You finished your tax return and the news is not good. You owe Uncle Sam money.
Don't freak out, at least not yet. Your payment isn't due until April 15. That gives you time to figure out how to come up with the cash and/or get it to the U.S. Treasury.
The Internal Revenue Service, naturally, has some suggestions.
Let's start with the agency's new favorite tax payment method. Yep, I'm talking electronic. You have several digital options.
1. Credit, Debit or Digital Wallet: Paying by plastic is one of the oldest and most popular tax e-pay methods. As the header notes, this method has been buffed up to also allow digital wallet payments. For those of you who are still just looking at that icon on your smartphone, you enter payment information into your digital wallet and then use the password-protected app to make purchases … or pay your taxes.
The payments are made through IRS-authorized processors. This filing season they are PayUSAtax, Pay1040 and Official Payments.
Among the accepted payment methods are Visa, Master Card, Discover, American Express, STAR, Pulse, NYCE, Accel, Visa Checkout, MasterPass, Amex Express Checkout, PayPal. Note, however, that every payment option just listed isn't accepted by all. So double check before selecting a payment method and/or processing company.
One thing that is the same is that all three credit payment processors charge a fee. And no, the IRS doesn't get any portion of it. The minimum transaction fees are:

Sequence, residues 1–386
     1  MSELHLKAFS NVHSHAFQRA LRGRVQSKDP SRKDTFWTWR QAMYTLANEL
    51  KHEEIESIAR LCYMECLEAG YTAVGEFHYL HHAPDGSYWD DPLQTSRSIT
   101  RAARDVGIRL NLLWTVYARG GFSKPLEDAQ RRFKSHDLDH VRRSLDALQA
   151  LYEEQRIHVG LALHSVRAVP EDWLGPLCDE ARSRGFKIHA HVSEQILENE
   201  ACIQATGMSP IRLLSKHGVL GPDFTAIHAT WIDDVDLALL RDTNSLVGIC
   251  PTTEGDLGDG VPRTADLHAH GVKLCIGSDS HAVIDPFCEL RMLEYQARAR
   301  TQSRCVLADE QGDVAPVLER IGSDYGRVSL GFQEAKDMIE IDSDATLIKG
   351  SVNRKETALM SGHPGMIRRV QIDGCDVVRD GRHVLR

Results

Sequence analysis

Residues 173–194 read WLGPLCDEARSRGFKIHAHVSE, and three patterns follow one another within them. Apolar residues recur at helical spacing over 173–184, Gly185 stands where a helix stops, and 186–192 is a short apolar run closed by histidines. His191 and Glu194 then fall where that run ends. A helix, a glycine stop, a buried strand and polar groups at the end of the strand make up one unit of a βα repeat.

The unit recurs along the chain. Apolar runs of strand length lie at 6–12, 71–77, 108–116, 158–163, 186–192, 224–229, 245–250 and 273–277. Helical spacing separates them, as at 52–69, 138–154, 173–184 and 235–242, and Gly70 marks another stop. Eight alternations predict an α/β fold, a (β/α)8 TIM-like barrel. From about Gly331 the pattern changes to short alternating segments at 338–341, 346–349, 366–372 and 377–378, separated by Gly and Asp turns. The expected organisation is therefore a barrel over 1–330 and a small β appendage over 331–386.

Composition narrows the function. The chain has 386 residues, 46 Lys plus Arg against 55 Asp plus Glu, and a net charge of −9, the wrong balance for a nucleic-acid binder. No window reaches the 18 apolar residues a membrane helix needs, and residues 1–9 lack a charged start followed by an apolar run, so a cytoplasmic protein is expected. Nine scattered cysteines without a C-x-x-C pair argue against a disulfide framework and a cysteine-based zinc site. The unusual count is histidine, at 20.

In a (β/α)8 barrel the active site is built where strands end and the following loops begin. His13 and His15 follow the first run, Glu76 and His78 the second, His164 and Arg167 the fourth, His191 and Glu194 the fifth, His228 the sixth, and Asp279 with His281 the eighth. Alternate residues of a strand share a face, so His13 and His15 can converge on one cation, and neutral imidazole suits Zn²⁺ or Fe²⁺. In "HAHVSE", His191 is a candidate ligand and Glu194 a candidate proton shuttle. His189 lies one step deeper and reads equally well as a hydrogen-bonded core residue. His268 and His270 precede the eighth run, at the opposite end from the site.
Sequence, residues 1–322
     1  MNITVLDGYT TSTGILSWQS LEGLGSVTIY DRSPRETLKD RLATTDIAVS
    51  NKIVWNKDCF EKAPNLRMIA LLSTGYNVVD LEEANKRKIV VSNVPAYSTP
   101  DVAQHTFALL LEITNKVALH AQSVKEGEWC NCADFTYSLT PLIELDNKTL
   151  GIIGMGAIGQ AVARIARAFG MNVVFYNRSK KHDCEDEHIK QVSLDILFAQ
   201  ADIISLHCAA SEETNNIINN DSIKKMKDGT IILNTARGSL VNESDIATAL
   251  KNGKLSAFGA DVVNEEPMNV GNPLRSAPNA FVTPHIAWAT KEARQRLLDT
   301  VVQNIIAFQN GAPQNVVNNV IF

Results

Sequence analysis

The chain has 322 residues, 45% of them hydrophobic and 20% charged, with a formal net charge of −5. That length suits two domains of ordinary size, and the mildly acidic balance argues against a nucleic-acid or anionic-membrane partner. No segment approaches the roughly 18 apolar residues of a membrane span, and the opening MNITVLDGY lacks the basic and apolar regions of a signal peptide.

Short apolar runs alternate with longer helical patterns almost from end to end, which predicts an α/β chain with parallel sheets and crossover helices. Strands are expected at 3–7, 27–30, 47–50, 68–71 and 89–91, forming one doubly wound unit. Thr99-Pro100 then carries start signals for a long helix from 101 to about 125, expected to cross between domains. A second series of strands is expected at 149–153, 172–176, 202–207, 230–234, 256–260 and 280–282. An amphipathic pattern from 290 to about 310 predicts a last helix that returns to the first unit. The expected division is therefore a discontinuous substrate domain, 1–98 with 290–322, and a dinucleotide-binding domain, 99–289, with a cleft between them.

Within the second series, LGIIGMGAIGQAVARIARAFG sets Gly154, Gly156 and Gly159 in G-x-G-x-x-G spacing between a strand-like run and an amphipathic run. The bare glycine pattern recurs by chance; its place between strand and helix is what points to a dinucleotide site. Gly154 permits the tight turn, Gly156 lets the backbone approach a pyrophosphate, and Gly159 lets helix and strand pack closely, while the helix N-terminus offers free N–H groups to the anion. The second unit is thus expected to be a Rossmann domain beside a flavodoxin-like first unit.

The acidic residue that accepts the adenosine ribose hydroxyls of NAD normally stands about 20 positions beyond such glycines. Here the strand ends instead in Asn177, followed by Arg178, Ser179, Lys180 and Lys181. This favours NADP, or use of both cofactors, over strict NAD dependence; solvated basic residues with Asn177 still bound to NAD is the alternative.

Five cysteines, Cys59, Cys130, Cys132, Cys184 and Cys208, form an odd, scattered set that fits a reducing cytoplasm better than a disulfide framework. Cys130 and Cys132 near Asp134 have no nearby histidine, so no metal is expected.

You can find more in the payment processor fee comparison section of the IRS credit/debit card tax payment webpage.
If you have a big tax bill, the fees can add up. And they can grow if you don't pay off your card balance in full or as quickly as you can.
But using a credit card can be positive if you earn points or other rewards for all your charges.
2. Electronic Funds Withdrawal (EFW): With EFW, you file your return and pay electronically from your selected bank account when you use tax preparation software or hire a tax professional to do the job electronically. As the name indicates, your tax payment is taken directly from your noted account. EFW is free, but is only available when you electronically file a tax return.
3. Direct Pay: This is similar to EFW, but you push the payment out to the IRS rather than it pulling it from your account. You decide which account, for example, checking or savings, you want to use. Direct Pay also is free, doesn't require any preregistration and payments can be scheduled up to 30 days in advance. When you send your due taxes vial Direct Pay, you'll get immediate confirmation. If you plan to keep using this payment method, say for estimated taxes or next year's tax filing if you find you owe then, too, you can opt-in to email notifications about each Direct Pay transaction.
4. IRS2Go: The IRS' mobile app's many options include a way to make a tax bill payment. There's no cost to download IRS2Go and using it to make tax payments via Direct Pay also is free. If, however, you use the app to pay your tax bill by debit, credit card or digital wallet through an approved payment processor, you'll pay a fee. IRS2Go is available from Google Play, the Apple App Store or the Amazon App Store.